Soldiers of Odin marching Edmonton streets
They travel in a group through the streets of Edmonton.
About 10 men, all are wearing matching insignia on their backs, a Norse horned helmet with a Canadian flag for a beard.
They're hard to miss on the sidewalks of Alberta's capital. They are the Soldiers of Odin.
While some see them as protectors, others consider them glaring examples of the worst in society. To the Anti-Defamation League, they are an "extreme anti-refugee group."
Regardless of what they are, the group has been spotted at least twice on Edmonton streets — on July 23 and Aug. 28.
As a response to the influx of refugees, the group was founded in late 2015 by Mika Ranta, a self-proclaimed Finnish white supremacist.
According to the group's bylaws, their goal is to take back the streets, and patrols are their way of doing that.
Insp. Dan Jones
Insp. Dan Jones said police haven't received any complaints about the group. (CBC)
Insp. Dan Jones said the Edmonton Police Service is aware of the Soldiers of Odin but haven't yet received any complaints.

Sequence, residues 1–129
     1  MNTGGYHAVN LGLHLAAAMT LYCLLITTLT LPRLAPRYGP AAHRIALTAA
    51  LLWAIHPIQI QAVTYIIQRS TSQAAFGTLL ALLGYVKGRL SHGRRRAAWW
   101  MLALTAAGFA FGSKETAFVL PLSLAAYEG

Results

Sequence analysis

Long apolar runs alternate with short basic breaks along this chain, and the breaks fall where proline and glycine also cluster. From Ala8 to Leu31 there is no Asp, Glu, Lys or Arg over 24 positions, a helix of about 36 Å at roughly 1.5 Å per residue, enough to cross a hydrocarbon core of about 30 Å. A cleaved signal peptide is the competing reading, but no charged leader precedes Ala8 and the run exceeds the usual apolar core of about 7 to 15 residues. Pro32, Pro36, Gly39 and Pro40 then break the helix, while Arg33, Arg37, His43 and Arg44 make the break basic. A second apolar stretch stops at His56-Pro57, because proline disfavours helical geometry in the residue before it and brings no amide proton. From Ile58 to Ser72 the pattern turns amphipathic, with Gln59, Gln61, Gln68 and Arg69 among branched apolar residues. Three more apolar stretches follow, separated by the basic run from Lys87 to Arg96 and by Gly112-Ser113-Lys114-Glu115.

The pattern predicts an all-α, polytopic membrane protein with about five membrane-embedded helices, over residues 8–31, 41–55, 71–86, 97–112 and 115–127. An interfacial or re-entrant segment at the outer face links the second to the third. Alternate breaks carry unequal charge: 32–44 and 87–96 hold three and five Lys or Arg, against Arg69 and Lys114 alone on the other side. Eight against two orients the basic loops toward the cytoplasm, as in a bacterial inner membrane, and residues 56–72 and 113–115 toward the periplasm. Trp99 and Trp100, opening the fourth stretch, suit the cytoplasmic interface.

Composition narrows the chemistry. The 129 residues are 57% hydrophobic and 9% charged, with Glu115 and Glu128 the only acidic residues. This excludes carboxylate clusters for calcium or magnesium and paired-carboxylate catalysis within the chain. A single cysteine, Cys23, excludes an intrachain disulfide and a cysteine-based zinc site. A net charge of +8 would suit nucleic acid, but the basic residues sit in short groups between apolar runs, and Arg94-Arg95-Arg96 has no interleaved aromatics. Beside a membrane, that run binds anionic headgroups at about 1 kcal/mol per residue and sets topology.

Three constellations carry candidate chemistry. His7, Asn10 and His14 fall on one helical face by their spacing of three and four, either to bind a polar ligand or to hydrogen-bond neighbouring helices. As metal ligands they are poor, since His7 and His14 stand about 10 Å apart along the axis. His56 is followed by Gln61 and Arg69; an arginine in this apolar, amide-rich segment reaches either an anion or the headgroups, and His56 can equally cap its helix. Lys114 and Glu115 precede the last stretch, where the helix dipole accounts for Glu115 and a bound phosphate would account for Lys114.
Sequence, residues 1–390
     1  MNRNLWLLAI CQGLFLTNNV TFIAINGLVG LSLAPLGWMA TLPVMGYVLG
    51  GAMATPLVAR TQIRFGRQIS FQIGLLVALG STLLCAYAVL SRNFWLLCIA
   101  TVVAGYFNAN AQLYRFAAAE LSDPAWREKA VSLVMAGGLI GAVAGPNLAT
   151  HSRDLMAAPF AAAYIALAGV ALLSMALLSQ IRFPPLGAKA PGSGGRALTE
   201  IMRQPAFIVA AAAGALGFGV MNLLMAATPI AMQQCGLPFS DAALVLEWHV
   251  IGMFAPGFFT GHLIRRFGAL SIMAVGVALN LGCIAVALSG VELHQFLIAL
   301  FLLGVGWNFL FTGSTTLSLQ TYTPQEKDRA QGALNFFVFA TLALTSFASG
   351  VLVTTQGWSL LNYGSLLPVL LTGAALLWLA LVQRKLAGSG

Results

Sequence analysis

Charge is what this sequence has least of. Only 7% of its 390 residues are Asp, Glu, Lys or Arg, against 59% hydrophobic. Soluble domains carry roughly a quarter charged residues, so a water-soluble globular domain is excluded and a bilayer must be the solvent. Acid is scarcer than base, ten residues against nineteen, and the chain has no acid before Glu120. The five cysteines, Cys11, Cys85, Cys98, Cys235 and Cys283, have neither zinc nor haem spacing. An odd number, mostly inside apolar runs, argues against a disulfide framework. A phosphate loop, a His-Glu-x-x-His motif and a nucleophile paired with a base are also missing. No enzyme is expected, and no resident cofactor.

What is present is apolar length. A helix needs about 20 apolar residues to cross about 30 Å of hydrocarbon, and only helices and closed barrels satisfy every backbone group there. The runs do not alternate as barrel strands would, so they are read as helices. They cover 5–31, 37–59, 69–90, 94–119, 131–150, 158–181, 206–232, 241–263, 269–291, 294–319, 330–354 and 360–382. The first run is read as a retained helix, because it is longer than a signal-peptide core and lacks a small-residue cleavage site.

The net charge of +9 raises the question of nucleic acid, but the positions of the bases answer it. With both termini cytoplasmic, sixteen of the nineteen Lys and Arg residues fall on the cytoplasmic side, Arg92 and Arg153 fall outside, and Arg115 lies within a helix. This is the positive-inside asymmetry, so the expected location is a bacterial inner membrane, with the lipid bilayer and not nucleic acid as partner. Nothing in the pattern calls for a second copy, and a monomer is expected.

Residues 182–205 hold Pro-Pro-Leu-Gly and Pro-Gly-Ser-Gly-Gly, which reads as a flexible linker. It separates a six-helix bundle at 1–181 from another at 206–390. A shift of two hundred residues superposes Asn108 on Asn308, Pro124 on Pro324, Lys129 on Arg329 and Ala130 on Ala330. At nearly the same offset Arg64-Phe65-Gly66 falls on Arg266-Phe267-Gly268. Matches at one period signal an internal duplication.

"At this stage, we have a group of people that have associated [themselves] with a group that are internationally extremely negative," Jones said. "In the city of Edmonton context that we have right now, we have seen no violence, no complaints, no threats, nothing criminal."
Jones said police have spoken to the group.
"They are reporting they are not the same type of group, that they are not anti-immigration or radical right."
Jones said the group described itself as a Guardian Angel-type group focused on volunteerism.
'If they are the Soldiers of Odin like they are in Europe, we are going to be very concerned.'
- Insp. Dan Jones